|Summit:|| 2,277 feet SD838733 |
The Pennine Way links the summit to the village; the route is around three miles long as the Way curves initially to the north before turning east to reach the summit.
The more direct route that traverses the southern 'nose' of the hill is the route usually taken by the those attempting The Yorkshire Three Peaks Challenge, as the walk is usually (but not exclusively) done in an anti-clockwise direction starting or finishing in Horton in Ribblesdale. The other main fellwalkers' route on the hill heads north from the summit to reach Plover hill before descending to join the bridleway that is Foxup Road.
The name of the fell is apparently from the Old British (or Old Welsh) language: 'Pen' means "head" or "peak", but 'ghent' is more obscure. It could be taken to be edge or border. The name "Pen-y-ghent" could therefore mean Hill on the border. An alternative suggestion, it could be mean 'wind' or 'winds', from the closest Welsh language translation as 'gwynt'. Thus it might mean simply 'Head of the Winds'.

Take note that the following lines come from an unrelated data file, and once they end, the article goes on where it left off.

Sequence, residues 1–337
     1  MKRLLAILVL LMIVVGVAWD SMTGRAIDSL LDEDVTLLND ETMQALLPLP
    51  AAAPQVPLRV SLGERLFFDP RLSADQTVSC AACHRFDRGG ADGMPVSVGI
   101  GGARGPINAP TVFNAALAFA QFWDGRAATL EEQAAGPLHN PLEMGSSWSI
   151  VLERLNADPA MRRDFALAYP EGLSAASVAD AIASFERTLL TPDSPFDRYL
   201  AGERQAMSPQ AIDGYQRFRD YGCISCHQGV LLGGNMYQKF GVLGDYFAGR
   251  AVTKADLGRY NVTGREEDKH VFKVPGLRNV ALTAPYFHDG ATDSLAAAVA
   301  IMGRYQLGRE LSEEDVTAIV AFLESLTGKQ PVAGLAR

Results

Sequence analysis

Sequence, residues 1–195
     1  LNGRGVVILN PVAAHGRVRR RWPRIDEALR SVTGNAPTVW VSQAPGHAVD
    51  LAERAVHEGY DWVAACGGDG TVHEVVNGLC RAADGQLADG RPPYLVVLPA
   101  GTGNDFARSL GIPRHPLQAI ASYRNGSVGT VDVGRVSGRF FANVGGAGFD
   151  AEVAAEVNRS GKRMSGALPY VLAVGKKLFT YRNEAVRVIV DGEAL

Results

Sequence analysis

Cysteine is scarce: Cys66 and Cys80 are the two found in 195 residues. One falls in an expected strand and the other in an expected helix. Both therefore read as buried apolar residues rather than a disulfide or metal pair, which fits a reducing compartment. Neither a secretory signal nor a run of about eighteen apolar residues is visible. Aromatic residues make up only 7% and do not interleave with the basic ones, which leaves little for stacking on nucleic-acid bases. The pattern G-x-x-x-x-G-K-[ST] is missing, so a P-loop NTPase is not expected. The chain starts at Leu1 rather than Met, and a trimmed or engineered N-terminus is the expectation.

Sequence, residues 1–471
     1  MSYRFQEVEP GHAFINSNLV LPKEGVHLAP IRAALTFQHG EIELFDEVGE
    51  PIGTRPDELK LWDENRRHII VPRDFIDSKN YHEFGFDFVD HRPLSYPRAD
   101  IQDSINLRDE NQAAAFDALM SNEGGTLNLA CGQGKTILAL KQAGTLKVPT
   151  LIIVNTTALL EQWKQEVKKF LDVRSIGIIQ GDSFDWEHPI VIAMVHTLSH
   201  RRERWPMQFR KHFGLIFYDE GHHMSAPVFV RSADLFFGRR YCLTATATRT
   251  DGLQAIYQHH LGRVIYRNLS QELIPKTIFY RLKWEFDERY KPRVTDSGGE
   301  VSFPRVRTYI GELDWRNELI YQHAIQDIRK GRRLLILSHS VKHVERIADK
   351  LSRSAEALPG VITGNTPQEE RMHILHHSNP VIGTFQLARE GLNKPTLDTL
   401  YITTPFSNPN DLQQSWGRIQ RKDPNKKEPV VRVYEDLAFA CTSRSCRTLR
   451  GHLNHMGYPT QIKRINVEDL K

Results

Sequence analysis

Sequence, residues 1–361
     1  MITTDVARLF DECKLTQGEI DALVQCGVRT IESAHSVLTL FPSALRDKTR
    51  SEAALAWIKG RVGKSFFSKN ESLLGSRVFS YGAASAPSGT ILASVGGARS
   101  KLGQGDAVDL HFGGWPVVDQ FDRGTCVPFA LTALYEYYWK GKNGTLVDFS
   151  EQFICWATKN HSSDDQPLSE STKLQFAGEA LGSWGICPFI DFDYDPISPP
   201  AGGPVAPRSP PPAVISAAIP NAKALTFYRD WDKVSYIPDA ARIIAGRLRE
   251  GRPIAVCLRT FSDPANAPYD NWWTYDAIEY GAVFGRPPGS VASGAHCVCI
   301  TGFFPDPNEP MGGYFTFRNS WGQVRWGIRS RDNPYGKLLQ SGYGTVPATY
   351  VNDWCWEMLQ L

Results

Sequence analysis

- (Bibby, p.120)
- Bibby, Andrew (2008), The Backbone of England, London: Francis Lincoln Limited
- Ekwall, Eilert (1960), The Concise Oxford Dictionary of English Place-Names, 4th ed., Oxford: Oxford University Press
- Computer generated summit panoramas Pen-y-ghent index
- Photos of Pen-y-ghent and surrounding area on geograph.org.uk